So I can paint one day and come back to the painting the next day and the colors seem all off. I have found that I perceive colors the best in daylight. I know that's not the DMP way, but it's what works for me so far. 

  • dencal said:

    Pick a few of MJS’s videos to inspire your landscape painting.

    His methods and materials are easy and accessible.

    You can de tune the realism with lost edges and fog if preferred.


    Thank you @Dencal! I believe we can do best by learning realism first and then going for a different style, so employing his techniques would be quite helpful. I have entered myself into a Plein Air painting contest this summer even though I have never done it, so now I am 'practicing'. 
  • @Renoir ; I believe that you have made an excellent choice in becoming a plein air painter now that I know a little more about your eyes and how they function for you.  I see a painter with a unique style in the making because of your uniquely different eyesight.  Good luck to you while you are having a great time in the process.  Summer
  • Well, thank you @Summer! Those are very encouraging words  <3
  • I think your painting is fine. I think your color vision is fine too but I understand changes in light and fatigue make a big difference. My eyes react that way too. My question is about tonalism, and plein air vs DMP. I thought plein air meant going outdoors and painting what you see, paint quickly to keep light and shadows before the sun moves too far and tonalism was a method that helped getting it done quickly. My impression was that DMP/alaprima and SDM don't work well for plein air and that water colors or acrylics suited the genre more.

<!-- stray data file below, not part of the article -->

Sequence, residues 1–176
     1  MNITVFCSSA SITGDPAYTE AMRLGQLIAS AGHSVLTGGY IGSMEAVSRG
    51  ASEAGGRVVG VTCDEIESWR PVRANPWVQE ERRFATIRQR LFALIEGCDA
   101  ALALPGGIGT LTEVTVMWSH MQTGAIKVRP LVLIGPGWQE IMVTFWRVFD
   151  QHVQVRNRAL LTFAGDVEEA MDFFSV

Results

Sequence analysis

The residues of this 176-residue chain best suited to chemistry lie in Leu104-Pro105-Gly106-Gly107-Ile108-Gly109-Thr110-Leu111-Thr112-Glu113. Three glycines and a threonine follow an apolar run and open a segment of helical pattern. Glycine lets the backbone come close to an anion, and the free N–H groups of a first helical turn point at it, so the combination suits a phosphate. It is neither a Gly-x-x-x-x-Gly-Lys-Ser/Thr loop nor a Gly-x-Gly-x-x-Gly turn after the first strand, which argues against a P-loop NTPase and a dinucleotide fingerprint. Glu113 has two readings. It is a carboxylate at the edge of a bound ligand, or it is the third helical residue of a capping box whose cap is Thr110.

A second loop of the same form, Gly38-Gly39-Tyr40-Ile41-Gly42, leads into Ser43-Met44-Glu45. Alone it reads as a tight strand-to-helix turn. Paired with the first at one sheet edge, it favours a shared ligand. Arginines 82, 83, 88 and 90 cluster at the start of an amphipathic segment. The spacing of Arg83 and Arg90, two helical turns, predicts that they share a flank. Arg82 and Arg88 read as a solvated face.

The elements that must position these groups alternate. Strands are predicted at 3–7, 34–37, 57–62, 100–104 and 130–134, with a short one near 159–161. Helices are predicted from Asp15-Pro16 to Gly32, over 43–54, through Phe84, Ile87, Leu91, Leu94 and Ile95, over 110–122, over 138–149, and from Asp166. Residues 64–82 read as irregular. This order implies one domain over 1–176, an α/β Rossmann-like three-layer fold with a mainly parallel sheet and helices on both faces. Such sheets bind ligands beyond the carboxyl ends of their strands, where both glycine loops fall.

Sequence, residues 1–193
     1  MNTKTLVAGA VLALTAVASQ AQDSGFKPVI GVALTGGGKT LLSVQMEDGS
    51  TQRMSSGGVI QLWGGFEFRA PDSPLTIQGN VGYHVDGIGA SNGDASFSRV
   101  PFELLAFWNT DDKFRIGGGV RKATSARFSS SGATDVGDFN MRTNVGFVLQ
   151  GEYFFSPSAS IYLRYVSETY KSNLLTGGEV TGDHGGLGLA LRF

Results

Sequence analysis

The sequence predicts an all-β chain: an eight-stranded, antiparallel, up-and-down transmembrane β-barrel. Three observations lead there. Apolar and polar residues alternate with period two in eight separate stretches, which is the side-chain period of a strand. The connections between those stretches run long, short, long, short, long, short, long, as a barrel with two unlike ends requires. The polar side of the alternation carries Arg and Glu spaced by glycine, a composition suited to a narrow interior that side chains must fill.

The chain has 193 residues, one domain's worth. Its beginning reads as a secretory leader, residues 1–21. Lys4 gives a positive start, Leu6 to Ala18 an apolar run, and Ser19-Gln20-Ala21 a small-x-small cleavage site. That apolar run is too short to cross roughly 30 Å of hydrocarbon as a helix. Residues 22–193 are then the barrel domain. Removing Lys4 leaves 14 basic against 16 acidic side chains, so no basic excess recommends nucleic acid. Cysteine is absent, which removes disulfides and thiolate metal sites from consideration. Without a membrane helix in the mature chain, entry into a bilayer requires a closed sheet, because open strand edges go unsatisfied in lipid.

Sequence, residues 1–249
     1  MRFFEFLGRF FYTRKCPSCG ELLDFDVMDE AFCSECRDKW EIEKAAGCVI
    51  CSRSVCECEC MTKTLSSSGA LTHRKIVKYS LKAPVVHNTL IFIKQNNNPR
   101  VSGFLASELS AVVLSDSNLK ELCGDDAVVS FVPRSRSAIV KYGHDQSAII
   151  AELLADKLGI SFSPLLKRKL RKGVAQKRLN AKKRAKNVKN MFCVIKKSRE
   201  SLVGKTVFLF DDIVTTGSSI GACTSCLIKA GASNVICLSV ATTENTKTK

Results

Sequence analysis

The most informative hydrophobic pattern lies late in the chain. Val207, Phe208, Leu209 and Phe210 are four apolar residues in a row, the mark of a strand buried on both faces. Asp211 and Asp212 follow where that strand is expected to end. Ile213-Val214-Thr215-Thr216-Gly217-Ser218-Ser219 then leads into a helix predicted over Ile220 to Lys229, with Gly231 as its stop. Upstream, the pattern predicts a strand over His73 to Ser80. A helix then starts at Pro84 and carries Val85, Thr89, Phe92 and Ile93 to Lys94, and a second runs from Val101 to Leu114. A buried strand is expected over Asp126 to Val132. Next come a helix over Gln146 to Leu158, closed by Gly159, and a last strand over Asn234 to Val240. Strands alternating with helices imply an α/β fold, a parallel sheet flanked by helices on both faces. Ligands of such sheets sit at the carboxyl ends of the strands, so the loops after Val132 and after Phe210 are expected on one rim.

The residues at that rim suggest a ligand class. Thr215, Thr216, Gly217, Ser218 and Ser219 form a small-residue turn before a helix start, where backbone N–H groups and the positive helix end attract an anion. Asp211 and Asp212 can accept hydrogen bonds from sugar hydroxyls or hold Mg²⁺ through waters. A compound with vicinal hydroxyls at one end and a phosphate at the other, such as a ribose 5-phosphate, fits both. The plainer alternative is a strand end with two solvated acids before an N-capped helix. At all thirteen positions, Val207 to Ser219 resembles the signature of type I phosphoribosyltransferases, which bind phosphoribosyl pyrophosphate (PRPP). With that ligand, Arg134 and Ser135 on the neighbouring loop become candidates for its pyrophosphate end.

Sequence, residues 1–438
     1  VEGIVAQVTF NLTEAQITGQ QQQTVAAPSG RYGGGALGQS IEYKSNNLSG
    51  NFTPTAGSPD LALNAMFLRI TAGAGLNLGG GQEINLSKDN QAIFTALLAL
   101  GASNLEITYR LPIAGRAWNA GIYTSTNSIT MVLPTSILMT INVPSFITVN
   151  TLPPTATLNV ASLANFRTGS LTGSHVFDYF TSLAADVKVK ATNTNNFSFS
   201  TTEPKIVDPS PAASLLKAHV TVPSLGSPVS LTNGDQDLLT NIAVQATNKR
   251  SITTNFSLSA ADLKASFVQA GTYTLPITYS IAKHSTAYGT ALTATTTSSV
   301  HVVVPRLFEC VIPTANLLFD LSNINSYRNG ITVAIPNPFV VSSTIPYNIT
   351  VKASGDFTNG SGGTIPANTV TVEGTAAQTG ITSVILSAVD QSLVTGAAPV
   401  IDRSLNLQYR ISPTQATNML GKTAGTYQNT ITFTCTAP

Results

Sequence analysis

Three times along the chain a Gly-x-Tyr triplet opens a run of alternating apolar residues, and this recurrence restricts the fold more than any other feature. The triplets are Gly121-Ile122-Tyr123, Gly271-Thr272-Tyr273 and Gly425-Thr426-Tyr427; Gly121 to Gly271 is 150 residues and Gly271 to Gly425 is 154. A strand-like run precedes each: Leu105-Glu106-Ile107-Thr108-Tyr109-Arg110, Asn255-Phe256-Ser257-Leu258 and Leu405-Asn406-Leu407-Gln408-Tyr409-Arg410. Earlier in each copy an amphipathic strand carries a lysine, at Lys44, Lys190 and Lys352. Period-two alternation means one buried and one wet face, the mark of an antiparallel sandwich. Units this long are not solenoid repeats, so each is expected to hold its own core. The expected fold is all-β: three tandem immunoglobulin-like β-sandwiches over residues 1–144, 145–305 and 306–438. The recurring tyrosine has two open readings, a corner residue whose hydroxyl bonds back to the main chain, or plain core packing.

• @BOB73 You are more correct than I am. I know very little about either technique. And I should have started with a small canvas rather than such a large one. I had something far more suited to plein air (remember, I am not able to do plein air because of our snow/clouds/rain/gray weather. So I have to 'fake' it with a photo. Probably watercolors/acrylics work well for plein air but I know many who use oils. I'll have to stumble through to see what works best for me.
  • There is already a lot of discussion above. So, I don't know if anything adds value in me commenting much later.
    I have to say that there is no style for plein air painting. It is about painting quickly. You can do this from perfect photos or painting from life. Plein air is nothing but a version of painting from life. Since the stage or scope is amazingly large and the conditions change frequently, people observe minutely and paint fast.  This is reflected in their final output.

    So if you feel that you want your paintings to look spontaneous, then maintain a timeline to finish a painting. This is followed in drawing too e.g. 30 second drawing, 1 minute drawing, 2 minute drawing then higher to allow more time to observe. You capture the impression of the subject and be done with it. If my suggestion means anything pick-up daily objects and paint within 1-2 hrs. All the 'great' plein air artists are amazing still life painters as well.
  • @Kaustav - I should have messaged you first since you have significant experience with plein air painting!  Those are all excellent suggestions. I think I'm so accustomed to taking a long time doing a painting, it's hard to break that habit. Once warmer weather arrives, I hope to get actually get outside in the elements which would likely force a time limit upon me as I seem helpless to force time limits upon myself.
  • I would like to give you feedback from the perspective of someone who does not know how to paint.  so no suggestions, just observations.  I really like the flowers in the right foreground, but like the flowers in the left foreground less.  The right foreground flowers to me look crisper like I might expect of something in the foreground, but the left ones seem mildly "out of focus."  I really like the trunks of the trees in that next row back, the light browns really create an impression of diffused sunlight on trunks. My eyes can't quite "know" if the tan on the right of the tree's is tall brownish grass or a field somewhat lower.  I think if that was somehow more visually obvious it would have a more realism quality.  wherever it is it looks like a great not overly hot warm day, that would benefit from ham cheese french bread and some crisp white wine.